Breaking News
Three dead on Canaries migrant boat, 41 saved Open in fullscreen

The New Arab Staff & Agencies

Three dead on Canaries migrant boat, 41 saved

Among the survivors was a woman, a baby and four children, he said. [Getty]

Date of publication: 26 March, 2021

Share this page:
  • 0

  • twitter
Separately, a fishing boat managed to rescue another five people, and also recovered the bodies of two women, he added.

Two women and a man died onboard an overloaded migrant boat found off the Canary Islands early Friday while Spanish rescuers managed to save 41 people, the coastguard said. 

A local fishing boat spotted the heavily-laden vessel struggling in rough seas just off Poris de Abona on the southeastern shores of Tenerife and raised the alarm. 

"Some in the boat began to fall into the water but the Salvamento Alpheratz managed to right the boat," a coastguard spokesman said, indicating there were 37 people on board, one of whom was dead. 

Among the survivors was a woman, a baby and four children, he said.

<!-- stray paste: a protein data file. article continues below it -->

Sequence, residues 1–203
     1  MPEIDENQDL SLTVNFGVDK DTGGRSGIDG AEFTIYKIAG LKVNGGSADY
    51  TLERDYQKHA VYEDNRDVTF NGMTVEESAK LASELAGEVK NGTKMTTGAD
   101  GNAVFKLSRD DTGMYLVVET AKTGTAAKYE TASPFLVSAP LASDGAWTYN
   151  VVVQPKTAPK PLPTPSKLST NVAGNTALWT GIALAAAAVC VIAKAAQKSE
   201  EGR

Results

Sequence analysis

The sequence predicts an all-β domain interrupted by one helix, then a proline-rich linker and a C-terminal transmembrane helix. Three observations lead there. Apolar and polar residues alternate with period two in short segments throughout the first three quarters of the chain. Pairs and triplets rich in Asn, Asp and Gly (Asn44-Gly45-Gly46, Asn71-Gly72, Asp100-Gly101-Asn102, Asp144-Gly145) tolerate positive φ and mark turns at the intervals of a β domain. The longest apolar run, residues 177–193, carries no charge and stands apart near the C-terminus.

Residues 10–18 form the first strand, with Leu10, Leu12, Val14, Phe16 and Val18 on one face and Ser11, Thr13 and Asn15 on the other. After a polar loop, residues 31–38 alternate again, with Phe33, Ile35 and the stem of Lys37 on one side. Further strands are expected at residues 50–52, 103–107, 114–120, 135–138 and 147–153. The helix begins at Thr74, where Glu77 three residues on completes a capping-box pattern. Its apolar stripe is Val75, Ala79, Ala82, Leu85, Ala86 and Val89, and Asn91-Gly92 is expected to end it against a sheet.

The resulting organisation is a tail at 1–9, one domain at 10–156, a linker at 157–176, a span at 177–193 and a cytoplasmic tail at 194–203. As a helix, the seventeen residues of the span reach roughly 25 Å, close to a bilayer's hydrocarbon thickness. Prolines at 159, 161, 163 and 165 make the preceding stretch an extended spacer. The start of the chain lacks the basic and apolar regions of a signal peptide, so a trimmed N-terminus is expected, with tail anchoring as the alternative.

Separately, the fishing boat managed to rescue another five people, and also recovered the bodies of two women, he added. 

Another boat and three helicopters were involved in the search to see if there were any more survivors stranded in the water, he said. 

Read more: Ocean Viking rescuers pick up 100 migrants off Libya

The rescue came just days after a two-year-old girl from Mali died after barely surviving a days-long journey from the shores of Western Sahara on a boat packed with 52 people. 

She was the 19th person to die as a result of the treacherous sea voyage from the African coast, putting a harrowingly human face on the migrant crisis in the Canary Islands.

The Atlantic route is notoriously dangerous due to extremely strong currents, with vessels typically overcrowded and in very poor condition. At least 1,851 people died on the route last year, according to Caminando Fronteras that monitors migrant flows.

In 2020, 23,023 migrants reached the Canaries, a figure eight times higher than in 2019, but this year the numbers are twice as high, with 2,580 migrant arrivals between January 1 and March 15, official figures show.

Rights groups have warned that the Covid-19 crisis has spurred the flight effect, with those working in tourism, fishing or other casual jobs choosing to cross the Atlantic or helping others do so with their boats after being left penniless by the economic meltdown triggered by the pandemic. 


Follow us on FacebookTwitter and Instagram to stay connected 

The New ArabComments

Most Popular

Most Popular

    Read More